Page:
Sunday, May 13, 2007
Under African Skies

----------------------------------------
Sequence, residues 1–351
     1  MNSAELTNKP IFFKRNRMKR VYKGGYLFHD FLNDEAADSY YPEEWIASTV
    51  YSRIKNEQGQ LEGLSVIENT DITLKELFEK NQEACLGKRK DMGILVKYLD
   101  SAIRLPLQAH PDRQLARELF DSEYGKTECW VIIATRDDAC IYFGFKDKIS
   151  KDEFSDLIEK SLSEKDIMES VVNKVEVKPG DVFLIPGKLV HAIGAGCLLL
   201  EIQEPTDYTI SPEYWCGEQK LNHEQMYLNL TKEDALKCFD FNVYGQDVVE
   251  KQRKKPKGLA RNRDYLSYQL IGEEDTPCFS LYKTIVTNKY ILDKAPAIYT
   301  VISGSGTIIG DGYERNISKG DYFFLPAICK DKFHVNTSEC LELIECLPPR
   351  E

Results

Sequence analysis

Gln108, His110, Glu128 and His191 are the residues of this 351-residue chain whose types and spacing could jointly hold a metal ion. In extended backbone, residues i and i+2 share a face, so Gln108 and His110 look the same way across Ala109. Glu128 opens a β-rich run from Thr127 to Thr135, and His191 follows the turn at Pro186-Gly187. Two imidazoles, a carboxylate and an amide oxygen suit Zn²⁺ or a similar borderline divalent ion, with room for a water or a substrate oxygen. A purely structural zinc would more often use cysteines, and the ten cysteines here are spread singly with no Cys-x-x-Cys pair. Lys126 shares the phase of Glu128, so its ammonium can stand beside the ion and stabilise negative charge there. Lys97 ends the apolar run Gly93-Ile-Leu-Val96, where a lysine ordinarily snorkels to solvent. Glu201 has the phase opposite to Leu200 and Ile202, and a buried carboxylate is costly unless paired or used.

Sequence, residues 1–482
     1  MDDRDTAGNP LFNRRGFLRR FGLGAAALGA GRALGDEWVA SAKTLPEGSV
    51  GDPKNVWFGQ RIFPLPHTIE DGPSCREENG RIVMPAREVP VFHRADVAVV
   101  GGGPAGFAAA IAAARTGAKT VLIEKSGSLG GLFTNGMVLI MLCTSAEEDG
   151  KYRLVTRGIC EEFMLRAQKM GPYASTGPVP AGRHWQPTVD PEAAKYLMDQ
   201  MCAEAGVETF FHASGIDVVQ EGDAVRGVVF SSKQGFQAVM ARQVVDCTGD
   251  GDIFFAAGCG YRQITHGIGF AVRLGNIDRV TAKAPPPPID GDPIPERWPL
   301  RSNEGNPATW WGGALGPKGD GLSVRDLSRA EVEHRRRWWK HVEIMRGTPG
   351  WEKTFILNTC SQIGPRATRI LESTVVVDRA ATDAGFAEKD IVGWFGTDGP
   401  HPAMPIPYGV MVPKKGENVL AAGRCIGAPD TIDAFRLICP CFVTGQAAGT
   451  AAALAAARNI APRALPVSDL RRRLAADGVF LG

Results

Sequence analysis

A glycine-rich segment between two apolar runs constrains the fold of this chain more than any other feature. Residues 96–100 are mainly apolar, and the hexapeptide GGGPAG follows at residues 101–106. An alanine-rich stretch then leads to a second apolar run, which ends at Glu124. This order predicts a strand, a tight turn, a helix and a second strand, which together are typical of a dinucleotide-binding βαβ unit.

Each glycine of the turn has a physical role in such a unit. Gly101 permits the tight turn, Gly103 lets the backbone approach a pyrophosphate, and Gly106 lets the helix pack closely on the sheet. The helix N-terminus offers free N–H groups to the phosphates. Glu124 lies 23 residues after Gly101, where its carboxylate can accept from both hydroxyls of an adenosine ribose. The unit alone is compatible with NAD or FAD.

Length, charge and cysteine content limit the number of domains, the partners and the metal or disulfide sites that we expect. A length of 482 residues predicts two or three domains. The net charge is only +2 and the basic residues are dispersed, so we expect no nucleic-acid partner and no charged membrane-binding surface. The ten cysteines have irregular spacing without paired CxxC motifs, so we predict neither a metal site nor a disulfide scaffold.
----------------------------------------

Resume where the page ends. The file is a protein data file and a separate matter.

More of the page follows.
This is the story of how we begin to remember This is the powerful pulsing of love in the vein After the dream of falling and calling your name out These are the roots of rhythm And the roots of rhythm remain --Paul Simon, "Under African Skies" I think I have a bit of a morbid streak. The other day I learned of the existence of a book named We Wish to Inform You that Tomorrow We Will Be Killed With Our Families: Stories from Rwanda by Philip Gourevitch. I knew I had to read it. It called to me, even though all I saw of the book was a paragraph-long blurb. The book fit in with Dave Eggers' What is the What, the novelized story of one of the Lost Boys of Sudan, a survivor of a genocidal war that long predated the current conflict in Darfur. It also connects in with A Miracle, A Universe: Settling Accounts with Torturers by Lawrence Weschler, a book that covered the despotic regimes of the '70s and '80s in Brazil and Uruguay from the perspective of the survivors. These books all tell different stories, but the stories are one and the same. They are the stories of what happens when some people forget that we are all human, no matter what label this group or that receives. All three books remind me that when we lose track of the fact that our enemies are human, we tend to forget that we are human. Gourevitch's book seems, at first glance, to be something too big for a simple thesis statement. It seems like it will answer a few questions and ask more than it, or any book, can possibly answer. But in the first chapter there is a paragraph that dares to ask one of the most difficult questions I've ever seen: But at Nyarubuye, and at thousands of other sites in this tiny country, on the same days of a few months is 1994, hundreds of thousands of Hutus had worked as killers in regular shifts. There was always the next victim, and the next. What sustained them, beyond the frenzy of the first attack, through the plain physical exhaustion and the mess of it? This is the same question that should haunt us as we approach the Holocaust, the killing fields of Cambodia, Darfur. These questions should follow us as we look at Saddam Hussein, but also at Gitmo and Abu Gharib. What mechanism is it in the human mind that allows commanders to order such atrocities? What mechanism is it that allows people to follow those orders? How did a program of Hutu Power allow Rwandans to kill their neighbors simply because they were Tutsis? How did Hitler and the Nazis whip the German people in to a frenzy directed at the Jews, gypsies, homosexuals and crippled? Why did people follow Stalin, Pol Pot, even Joseph McCarthy? I fear we will never answer these questions. I also fear that we will have to ask them many times over in the future. One of the most quoted and least understood phrases quoted in regard to the study of history is Santayana's famous maxim that, "Those who forget the past are doomed to repeat it." We live in a world that takes that concept very literally. There is a general idea that because we know that some things happened in the past, they won't happen again. That's not at all what Santayana's warning means. Rote memorization is the easiest path to forgetfulness. We must learn the lessons of the past, not just the facts. These lessons aren't simply static bits of information for the digestion of historians. They tell us something about where we're going. They tell us what to look for now in order to avoid disaster in the future. It is because of what I know of Rwanda and the Holocaust that I fear the consequences of Ron Luce's BattleCry movement. It is because of the history of torture in South America that I worry about what will come of Gitmo and Abu Gharib. We seem to think that America is isolated from the rest of the world and its history. "It can't happen here," is one of the phrases most uttered when someone raises the alarm. It can. It probably will. Americans are humans, too. We have the very same tendency to villify those with different viewpoints and dehumanize those with different backgrounds everyone else does. We live in a nation that will eventually decline and fall. History tells us it happens to everyone. We aren't invincible. In fact, we're probably more vulnerable than most simply because we believe we are invincible. It can happen here.